Some day in the future, it's possible that an unmanned rover may go trundling across the Martian landscape not on wheels, but on three rotating steel coils. While able to traverse rugged terrain without getting stuck, it could also move sideways to get around obstacles, would be unlikely to malfunction as it would have very few moving parts, and could perhaps even remain mobile if it were to take a tumble and flip over. Although such a vehicle might not be exploring Mars any time particularly soon, a fully-functioning prototype does already exist here on Earth, and its design could find terrestrial applications.
The basic deviceWisconsin engineer Tim Lexen built and designed the rover. At its heart is a flat triangular PVC main body (measuring about 7 inches/17.8 cm per side) that houses three electric servo motors, battery packs, and electronics. These independently power its three 8-inch (20.3-cm) stainless steel helical coils, also known as screws, each one extending horizontally from one corner of its body. The screws incorporate a low-friction outer coating that keeps them from getting stuck against rough surfaces while their augering action allows them to push or pull against those surfaces to move the rover in any desired direction. For this reason, it works best on textured surfaces such as dirt, grass, sand, or gravel, as opposed to completely flat, smooth surfaces.
The proof-of-concept device is remotely-piloted by a human operator, via a standard hobbyist's radio-control system.
PredecessorsScrew-driven ground vehicles in and of themselves are certainly nothing new, having been around since at least the 1860s - one relatively well-known example is the Russian ZIL off-road vehicle. Almost all of these, however, have utilized pairs of longitudinally-mounted pontoons with sharp-edged augers coiling around their outer surfaces. While these did a decent job of moving the vehicles forward over rough or sloppy terrain, they required the vehicles to face whatever direction they were turning.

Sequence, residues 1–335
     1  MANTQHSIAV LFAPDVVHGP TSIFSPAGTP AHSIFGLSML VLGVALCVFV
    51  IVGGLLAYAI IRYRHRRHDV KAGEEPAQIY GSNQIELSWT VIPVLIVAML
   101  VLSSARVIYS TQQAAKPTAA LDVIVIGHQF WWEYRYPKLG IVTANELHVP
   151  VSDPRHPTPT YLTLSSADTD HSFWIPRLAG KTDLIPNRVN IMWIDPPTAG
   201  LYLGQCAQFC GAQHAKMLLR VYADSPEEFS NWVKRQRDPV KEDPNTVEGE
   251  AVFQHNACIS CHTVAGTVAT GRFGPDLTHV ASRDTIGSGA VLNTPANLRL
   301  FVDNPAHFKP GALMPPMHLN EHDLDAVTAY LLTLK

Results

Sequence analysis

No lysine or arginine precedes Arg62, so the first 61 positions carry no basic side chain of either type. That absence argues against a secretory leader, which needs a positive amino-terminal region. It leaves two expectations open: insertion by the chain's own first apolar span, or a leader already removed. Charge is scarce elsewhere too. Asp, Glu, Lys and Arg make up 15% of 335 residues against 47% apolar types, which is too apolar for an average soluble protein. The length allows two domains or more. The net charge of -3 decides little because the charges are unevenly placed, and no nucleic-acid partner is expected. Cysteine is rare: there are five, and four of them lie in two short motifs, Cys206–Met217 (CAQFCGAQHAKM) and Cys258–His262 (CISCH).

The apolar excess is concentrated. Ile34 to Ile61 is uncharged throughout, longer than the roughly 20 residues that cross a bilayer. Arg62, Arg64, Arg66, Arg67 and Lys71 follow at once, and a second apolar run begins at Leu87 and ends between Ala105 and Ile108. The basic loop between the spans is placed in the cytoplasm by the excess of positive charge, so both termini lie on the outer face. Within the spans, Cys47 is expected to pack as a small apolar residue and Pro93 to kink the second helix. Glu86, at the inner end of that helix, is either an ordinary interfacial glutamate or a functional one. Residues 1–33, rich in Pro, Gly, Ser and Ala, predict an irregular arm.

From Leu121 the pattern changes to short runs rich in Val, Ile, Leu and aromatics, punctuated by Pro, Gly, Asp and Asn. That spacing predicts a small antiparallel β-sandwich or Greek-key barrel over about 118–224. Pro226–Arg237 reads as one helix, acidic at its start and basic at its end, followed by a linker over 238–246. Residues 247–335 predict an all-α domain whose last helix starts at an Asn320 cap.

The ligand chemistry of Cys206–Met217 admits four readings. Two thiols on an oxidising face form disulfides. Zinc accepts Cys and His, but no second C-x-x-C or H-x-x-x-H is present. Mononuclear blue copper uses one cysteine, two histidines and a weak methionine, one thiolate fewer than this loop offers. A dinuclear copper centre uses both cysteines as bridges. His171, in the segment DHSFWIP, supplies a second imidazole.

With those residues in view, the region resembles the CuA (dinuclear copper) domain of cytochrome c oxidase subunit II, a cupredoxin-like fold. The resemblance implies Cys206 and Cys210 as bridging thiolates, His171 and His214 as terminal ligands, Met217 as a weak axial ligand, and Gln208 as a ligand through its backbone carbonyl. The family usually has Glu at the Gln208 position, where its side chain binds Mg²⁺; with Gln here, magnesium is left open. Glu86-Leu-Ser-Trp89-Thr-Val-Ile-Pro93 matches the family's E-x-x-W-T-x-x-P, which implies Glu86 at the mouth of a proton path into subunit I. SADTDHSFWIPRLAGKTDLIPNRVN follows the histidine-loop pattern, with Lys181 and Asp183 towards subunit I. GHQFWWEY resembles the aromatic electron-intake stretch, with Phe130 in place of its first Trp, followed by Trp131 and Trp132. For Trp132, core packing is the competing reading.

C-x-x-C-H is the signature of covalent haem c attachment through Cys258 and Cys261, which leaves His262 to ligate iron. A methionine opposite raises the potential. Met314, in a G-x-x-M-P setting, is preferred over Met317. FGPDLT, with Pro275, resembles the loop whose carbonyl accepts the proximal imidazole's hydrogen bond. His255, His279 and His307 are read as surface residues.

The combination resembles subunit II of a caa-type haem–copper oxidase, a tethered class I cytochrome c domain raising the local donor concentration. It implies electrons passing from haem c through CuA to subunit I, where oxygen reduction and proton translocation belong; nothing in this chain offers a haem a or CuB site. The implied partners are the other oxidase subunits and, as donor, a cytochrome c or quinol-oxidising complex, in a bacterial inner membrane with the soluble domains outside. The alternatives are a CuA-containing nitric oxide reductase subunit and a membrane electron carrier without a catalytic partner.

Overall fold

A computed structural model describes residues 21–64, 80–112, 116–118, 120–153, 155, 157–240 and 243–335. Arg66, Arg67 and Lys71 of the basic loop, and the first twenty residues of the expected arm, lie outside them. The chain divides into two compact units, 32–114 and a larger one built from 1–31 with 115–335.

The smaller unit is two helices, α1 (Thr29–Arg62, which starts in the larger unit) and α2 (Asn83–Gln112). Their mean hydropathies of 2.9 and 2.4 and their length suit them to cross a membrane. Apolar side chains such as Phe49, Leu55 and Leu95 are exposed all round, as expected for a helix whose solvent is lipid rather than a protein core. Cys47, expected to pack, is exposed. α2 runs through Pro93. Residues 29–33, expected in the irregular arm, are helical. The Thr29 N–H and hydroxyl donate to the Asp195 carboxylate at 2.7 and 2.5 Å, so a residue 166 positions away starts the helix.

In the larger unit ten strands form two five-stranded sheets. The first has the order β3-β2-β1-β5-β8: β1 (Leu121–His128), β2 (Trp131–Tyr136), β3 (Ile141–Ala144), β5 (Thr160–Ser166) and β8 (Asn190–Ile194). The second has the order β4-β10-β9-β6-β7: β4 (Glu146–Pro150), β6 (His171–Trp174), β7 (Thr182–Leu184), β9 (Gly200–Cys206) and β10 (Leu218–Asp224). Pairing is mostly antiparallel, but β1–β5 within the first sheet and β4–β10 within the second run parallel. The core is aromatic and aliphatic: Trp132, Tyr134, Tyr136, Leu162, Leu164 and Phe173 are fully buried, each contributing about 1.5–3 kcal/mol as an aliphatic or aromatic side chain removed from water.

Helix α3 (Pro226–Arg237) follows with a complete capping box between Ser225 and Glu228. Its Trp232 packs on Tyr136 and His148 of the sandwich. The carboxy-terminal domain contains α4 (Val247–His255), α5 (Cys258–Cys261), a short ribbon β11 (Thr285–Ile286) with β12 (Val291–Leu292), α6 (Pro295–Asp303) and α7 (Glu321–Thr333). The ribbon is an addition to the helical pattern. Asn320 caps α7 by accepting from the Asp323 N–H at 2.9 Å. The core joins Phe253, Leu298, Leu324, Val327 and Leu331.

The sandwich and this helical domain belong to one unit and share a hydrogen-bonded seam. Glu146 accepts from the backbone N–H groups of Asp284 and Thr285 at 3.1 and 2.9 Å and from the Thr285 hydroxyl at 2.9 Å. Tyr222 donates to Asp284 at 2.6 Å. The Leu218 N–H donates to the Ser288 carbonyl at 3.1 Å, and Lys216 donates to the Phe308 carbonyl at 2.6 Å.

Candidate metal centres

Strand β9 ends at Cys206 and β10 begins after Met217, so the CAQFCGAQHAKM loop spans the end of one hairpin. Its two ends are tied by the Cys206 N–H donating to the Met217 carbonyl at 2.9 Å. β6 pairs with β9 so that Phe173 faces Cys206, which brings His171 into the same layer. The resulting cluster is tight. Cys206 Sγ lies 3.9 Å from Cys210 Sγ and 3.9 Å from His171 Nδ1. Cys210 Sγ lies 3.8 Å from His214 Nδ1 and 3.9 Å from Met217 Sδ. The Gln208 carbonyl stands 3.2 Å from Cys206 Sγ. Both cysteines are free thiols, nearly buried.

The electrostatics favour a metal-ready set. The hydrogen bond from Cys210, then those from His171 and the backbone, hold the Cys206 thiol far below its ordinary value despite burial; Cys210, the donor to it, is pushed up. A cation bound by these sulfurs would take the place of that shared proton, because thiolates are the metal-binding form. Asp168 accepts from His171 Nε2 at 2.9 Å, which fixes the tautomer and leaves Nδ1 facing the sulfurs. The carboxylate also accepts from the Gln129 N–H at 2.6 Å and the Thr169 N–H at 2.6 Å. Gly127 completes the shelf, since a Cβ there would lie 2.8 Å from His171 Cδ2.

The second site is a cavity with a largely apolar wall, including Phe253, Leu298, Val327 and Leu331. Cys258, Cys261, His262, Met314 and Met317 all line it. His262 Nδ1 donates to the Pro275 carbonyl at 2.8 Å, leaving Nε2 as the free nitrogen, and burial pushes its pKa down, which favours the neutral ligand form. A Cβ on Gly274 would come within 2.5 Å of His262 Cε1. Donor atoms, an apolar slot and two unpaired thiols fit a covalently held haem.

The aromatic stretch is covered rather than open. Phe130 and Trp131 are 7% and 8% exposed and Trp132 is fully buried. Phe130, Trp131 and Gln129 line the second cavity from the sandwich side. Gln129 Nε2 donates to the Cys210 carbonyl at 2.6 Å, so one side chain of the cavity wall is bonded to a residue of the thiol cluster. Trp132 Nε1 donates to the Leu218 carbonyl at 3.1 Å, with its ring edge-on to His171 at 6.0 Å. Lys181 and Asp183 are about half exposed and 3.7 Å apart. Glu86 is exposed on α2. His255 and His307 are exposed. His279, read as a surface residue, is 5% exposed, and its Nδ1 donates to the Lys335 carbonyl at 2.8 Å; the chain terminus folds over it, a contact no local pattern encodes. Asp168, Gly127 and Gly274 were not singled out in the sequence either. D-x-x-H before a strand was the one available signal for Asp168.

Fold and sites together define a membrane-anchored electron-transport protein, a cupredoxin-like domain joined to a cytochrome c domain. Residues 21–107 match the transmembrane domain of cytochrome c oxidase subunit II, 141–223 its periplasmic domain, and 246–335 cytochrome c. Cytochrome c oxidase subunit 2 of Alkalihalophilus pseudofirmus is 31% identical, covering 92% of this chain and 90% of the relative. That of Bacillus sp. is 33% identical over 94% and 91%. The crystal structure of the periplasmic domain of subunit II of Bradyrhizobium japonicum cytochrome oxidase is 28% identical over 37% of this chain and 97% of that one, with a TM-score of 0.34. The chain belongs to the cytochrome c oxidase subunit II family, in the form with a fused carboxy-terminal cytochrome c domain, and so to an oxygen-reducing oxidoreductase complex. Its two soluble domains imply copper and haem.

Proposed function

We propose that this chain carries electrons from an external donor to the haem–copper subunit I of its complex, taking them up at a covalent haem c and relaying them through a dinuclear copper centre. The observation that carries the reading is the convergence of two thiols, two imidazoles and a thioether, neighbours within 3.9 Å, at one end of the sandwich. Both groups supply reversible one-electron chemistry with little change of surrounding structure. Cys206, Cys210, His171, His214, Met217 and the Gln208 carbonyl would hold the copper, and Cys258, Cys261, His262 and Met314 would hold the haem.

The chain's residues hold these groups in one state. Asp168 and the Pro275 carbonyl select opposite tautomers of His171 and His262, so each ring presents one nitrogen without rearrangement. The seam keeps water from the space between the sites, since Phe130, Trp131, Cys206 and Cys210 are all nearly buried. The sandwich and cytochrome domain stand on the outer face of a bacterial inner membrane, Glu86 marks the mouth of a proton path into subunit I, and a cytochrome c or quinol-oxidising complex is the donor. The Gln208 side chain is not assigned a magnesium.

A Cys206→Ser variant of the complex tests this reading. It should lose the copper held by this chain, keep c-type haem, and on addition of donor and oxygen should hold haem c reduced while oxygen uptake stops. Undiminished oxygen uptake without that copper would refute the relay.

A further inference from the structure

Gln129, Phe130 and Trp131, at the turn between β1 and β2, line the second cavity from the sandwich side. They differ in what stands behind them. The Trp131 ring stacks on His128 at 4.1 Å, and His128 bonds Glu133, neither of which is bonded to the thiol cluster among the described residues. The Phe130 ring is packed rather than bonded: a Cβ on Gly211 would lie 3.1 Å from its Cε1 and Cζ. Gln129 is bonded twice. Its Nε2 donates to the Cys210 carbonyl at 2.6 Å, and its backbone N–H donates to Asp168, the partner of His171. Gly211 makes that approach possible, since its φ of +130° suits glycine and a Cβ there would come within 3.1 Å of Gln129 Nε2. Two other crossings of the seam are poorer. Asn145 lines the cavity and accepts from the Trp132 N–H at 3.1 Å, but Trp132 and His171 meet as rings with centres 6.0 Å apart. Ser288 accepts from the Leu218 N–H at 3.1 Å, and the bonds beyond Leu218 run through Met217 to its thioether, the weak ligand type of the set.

The Y-layout and rounded edges of the screws on Lexen's rover, by contrast, allows for complete omnidirectional (or holonomic) drive - this means it can move in any direction, without having to turn to face that direction itself. This could be particularly useful when trying to get around obstacles in tight quarters. While a typical wheeled vehicle would need room to move forward or backward in order to perform its arcing turns, the rover could simply stop at obstacles, then execute sideways right-angle "turns" while still facing the same direction.
It should be noted that some indoor wheeled vehicles are also able to achieve holonomic motion via independently-swiveling caster-like wheels, but Lexen believes that these would not work well on uneven terrain.
Staying versatileAlthough the rover can maintain its orientation regardless of what direction it's moving, it can also change that orientation as needed. In order to avoid tipping forward when going down a steep incline, for instance, it could swivel around so that it had one screw extended directly in front. When approaching a small hole, however, it could be swiveled to straddle that hole with two outward-angled screws on either side, instead of nose-diving into it with just one.
"This design should be suitable for outdoor rover applications requiring high maneuverability, robustness, reliability, and resistance to getting stuck or trapped," Lexen told Gizmag. "It has an absolute minimum of moving parts, no suspension, no mechanisms; is it less complex, by roughly an order of magnitude, than any other outdoor rover chassis design, not to mention any outdoor holonomic design."
Below is a video that Tim posted for us, which shows his device in action:
Via New Scientist.